I'm so excited to be a part of Patterings Friday Fiction today! I haven't done so in quite awhile. I've been working on this story on and off in my spare time for over six months, and it's finally finished! I pray it reaches the heart of a family that needs the message it has to offer...
For more great fiction, go knock on Yvonne's Back Door. She's hosting the story-telling this week.
I always knew my bedroom closet was small, but now its walls were closing in on me. It was as though the blouses hung there only to smother me, the belts to strangle me.
What is wrong with me? How did I get here? I could hear the baby screaming in the next room, but she sounded miles away. Echoes of “Mom?” “MOM!” “Where are you, Mom?” came from the voice of my preschooler, but his voice was getting farther away, almost to the place where I could hear the Sesame Street theme song.
I just need a few minutes. Pleeease, Lord, please give me a few minutes. “God, what is happening to me?” I whined.
In double time, the activities from the week gone-by sprinted through my mind. I sat curled up and hunched over my knees on the floor, shoving the stinky shoes as far away from me as I could with my fists.
My heart was racing as I recalled each day, though I don’t know why. I spoke at a MOPS event on Monday. Couldn’t have gone better. Tuesday was Amber’s 18-month immunizations. Lots of tears, but no side effects like Joey had at her age. Wednesday, laundry and church. Now what happened on Thursday? Thursday was a blur, and my heart began to race faster. Thursday…was that yesterday?…Oh, I talked to my mother on the phone, then a nap. Or maybe that was two days ago…
I tried to breathe deeply, but I couldn’t drink in enough oxygen. A pain went through my forehead, while the pounding and thumping of my heart continued. Now the phone was ringing. I wanted to get up, but couldn’t. I heard my mother’s voice over the answering machine in the room beside me.
“Lori, hey, this is Mom. This is the third time I’ve called, and I tried your cell phone too. Are you okay? I’m starting to get worried. Please call me.”
I wanted to pick up, but knew I couldn’t. She’ll think I can’t handle being a mom—again.
Joey was nearer than before. “Mom, where are you?”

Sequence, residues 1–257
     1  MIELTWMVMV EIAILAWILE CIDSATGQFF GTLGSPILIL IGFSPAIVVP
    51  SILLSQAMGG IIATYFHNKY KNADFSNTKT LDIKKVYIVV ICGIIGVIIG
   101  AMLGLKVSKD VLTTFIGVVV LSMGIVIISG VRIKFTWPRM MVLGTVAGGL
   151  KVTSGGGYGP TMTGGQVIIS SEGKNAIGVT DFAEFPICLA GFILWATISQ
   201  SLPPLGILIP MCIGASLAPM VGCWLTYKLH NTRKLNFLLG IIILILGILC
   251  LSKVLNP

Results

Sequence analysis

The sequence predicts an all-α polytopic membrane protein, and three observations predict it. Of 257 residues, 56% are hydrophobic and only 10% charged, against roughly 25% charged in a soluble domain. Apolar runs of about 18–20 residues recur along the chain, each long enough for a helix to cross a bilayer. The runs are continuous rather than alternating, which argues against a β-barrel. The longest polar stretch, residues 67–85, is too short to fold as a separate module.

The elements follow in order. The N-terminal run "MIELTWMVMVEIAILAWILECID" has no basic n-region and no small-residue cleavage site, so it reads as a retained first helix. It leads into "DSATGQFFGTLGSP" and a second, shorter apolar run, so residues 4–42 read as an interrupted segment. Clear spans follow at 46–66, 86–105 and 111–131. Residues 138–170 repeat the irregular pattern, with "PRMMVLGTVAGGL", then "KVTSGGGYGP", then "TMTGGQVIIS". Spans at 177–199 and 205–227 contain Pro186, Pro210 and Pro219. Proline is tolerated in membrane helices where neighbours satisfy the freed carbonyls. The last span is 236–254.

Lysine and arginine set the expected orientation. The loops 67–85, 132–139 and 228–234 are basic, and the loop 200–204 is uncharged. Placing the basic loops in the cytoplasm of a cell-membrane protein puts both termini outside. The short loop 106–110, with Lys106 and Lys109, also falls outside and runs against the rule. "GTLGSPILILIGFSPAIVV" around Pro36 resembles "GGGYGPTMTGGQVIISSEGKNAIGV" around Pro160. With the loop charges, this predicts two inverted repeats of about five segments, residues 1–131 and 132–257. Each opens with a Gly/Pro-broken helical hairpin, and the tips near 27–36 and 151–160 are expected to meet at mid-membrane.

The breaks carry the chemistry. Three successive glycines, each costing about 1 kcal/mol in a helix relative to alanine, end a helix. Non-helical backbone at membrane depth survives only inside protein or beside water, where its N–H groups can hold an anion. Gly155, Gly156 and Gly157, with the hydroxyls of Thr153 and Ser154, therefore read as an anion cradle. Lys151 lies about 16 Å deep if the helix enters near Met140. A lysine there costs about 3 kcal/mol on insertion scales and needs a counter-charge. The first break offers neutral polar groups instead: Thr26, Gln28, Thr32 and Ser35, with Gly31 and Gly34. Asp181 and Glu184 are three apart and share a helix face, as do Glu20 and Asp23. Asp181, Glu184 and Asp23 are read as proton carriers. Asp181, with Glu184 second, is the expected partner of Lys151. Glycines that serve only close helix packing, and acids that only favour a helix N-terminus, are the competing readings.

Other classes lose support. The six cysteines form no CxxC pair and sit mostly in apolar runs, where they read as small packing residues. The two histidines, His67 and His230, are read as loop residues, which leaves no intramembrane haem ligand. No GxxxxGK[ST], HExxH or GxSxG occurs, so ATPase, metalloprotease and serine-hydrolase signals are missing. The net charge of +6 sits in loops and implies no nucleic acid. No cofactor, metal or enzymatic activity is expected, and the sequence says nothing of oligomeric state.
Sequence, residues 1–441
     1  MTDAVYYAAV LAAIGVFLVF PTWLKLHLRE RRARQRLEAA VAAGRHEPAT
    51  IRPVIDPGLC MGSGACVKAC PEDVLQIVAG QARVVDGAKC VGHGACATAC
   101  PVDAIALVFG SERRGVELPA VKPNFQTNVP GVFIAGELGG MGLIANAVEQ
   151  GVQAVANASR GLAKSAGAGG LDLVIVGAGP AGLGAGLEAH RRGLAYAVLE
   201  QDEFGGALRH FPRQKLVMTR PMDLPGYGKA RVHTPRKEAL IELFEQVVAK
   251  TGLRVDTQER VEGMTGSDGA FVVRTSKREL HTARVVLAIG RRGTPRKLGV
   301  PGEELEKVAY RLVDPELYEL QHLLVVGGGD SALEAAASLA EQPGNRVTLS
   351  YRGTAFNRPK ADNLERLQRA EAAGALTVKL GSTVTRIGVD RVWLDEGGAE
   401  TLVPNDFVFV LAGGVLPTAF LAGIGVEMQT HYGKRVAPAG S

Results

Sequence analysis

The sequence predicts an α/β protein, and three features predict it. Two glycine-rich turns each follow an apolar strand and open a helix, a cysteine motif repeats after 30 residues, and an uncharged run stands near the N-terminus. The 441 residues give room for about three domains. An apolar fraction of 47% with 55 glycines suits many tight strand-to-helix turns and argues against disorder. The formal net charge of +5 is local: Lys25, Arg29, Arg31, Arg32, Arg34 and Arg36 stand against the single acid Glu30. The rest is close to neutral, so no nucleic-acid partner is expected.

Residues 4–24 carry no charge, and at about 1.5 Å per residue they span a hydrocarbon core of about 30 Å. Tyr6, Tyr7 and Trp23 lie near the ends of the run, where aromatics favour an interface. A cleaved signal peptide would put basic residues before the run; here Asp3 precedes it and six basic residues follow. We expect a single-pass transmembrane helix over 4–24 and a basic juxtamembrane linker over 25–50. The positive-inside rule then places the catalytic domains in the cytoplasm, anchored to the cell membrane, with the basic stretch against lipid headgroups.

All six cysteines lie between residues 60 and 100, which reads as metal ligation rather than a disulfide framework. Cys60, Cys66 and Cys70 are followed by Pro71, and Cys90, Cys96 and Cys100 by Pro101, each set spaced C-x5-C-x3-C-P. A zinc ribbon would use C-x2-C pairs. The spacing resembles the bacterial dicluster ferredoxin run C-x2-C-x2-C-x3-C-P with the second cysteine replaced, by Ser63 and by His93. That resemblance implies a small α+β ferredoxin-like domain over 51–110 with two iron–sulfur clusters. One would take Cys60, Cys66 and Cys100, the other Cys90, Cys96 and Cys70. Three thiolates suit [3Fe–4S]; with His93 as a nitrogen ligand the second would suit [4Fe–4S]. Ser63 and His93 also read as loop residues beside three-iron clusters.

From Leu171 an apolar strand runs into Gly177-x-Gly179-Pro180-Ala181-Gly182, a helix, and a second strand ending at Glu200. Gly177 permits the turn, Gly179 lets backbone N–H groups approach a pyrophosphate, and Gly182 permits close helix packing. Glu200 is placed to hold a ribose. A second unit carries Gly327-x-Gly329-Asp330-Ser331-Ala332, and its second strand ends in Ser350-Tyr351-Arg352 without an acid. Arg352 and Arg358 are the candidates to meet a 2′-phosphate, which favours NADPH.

Bare footsteps squeaked on the floor next to the closet. It was as if he could hear me breathing. Then a trio of knocks tapped on the door.
“Just a second, Honey,” I squeezed out of my falsetto voice, the only way I could fake a calm.
“Gramma, I found her. She’s in the closet, just a second.”
I heard him plunk the phone down on the bathroom counter and then tiptoe clumsily out of the room. Why did he have to pick up the phone? Pulling myself to my knees, then to my feet, I steadied my stance against the closed door. I took a deep breath to calm myself for the realities that lay ahead of me as I opened the closet door. The piercing sounds of Amber’s cries, no longer muffled, shot straight to my nerve endings.
“Hello?” The mirror in front of me reflected a plastic smile, but it couldn’t reveal my bitterness toward this unwanted phone conversation. “Yes, Mom, I’m fine.” I combed through my matted, tangled hair with trembling fingers and rushed to comfort the baby. “I was in the closet because I was getting dressed, Mother,” I snipped, nearing Amber’s room.
It was as if I were fifteen again, and no one in the world could understand me. Not even me. But especially my mother, I thought. Her words fell on deaf ears. “How long has the baby been crying, Lori? Has she eaten? You know you’ve got to feed her more often than you did Joey, right? She’s not like Joey. Each child is unique, Lori.”
“Um-huh,” I said, trying my best to ignore the experience I detested in her. I knew I could never measure up to her perfection.
“Lori, are you listening? You know I love you, right? Is Dave helping you around the house? I’m worried you might have post-partum depression, Hon. Do you feel sad and overwhelmed?”
What would she know about overwhelmed? “No, Mom,” I huffed, “I’m not sad, and I’m not overwhelmed.” I bounced Amber up and down across my chest, nearly gagging over a whiff of her reeking diaper.
Joey walked in and handed me a remote control. “Mom, I can’t understand the TV. Can you fix it?” The sound of Spanish voices blared from the next room. “Hurry, Mom, I’m missing the best part,” he whined, pinching his nose to avoid the smell.
Interrupting her unsolicited expertise, I announced, “Mom, I’m gonna let you go. I gotta fix the TV and change a diaper, okay?” I paced back and forth as she droned on. “No, I don’t need your help. I’m fine. You just called at a busy time, that’s all. But I really need to go. I’ll call you later.”
Before she could start her next sentence, I handed the phone back to Joey, and I fought back the tears.
Two more of Joey’s favorite shows had passed, as well as two more tantrums from my toddler. And now the only sobs I could hear were my own. The bedroom closet, which held close my secrets of overwhelming sadness, had now become my closest companion.
Author's note: If you need help with postpartum depression, PLEASE stop lying to yourself, and do NOT hide. Your husband, a family member, your church, a licensed Christian counselor or a reputable doctor can help you find a solution. Even if you have not had postpartum with previous children, it can happen. I know, because it happened to me...
Also, I'd be happy to pray for you or even share my personal story if you need extra encouragement. Just press the "Email Me" button on my blog sidebar.
In the Key of HE,